Cook and Kress (1990) proposed the data envelopment analysis (DEA) technique to obtain the rank order of alternatives which evaluates each alternative with the most favourable scoring vector. These authors considered the number of votes received at a rank position as an output and used the model with an input equal to unity (Hashimoto 1996) and an additional “assurance region” constraint (Thompson et al. 1986; Hashimoto and Ishikawa 1993). Green et al. (1996) improved this procedure and presented a discrimination method using a crossefficiency concept, i.e., alternatives take the voters’ preference as desired for themselves compared to the other alternatives.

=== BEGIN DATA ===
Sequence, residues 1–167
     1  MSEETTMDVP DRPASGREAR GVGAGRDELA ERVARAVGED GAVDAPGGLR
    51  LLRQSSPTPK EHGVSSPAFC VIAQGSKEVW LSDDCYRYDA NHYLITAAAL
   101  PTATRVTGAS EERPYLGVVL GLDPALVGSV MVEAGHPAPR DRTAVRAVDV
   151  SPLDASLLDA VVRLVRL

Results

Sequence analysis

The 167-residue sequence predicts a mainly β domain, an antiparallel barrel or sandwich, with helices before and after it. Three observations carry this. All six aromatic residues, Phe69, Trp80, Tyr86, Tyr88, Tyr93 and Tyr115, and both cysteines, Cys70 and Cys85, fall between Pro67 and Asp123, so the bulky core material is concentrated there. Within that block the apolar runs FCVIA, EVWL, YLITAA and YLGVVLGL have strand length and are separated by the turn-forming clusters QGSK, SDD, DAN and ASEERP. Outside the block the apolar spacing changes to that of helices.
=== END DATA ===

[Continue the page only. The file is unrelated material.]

Liamazares and Pena (2009) showed some drawbacks associated with the method presented by Cook and Kress (1990) and introduced methods which recognize the preference between the efficient alternatives. Hashimoto (1997) proposed an AR/exclusion model based upon the concept of superefficiency presented by Andersen and Petersen (1993). Although Green et al. (1996) proposed a rank order for the alternatives, they did not consider the possibility of assigning a weight of 0 for a given rank or the difference between two given ranks to be 0. Noguchi et al. (2002) presented a strong ordering to alternatives in which weights are obtained using the feasible solution region of the constraint set in LP. Obata and Ishii (2003) introduced a method to discriminate efficient alternatives using ranked voting data without considering information about inefficient alternatives. As such, the rank order presented using this method is independent of inefficient alternatives. Foroughi and Tamiz (2005) extended the model presented by Obata and Ishii (2003) in order to obtain the rank order for both efficient and inefficient alternatives. The extended model contains fewer constraints compared with the model introduced by Obata and Ishii (2003). Discriminating efficient alternatives by considering their least relative total scores was presented by Wang and Chin (2007). Wang et al. (2008) proposed a method to rank multiple efficient alternatives by comparing the least relative total scores for each efficient alternative with the best and the least relative total scores measured in the same range.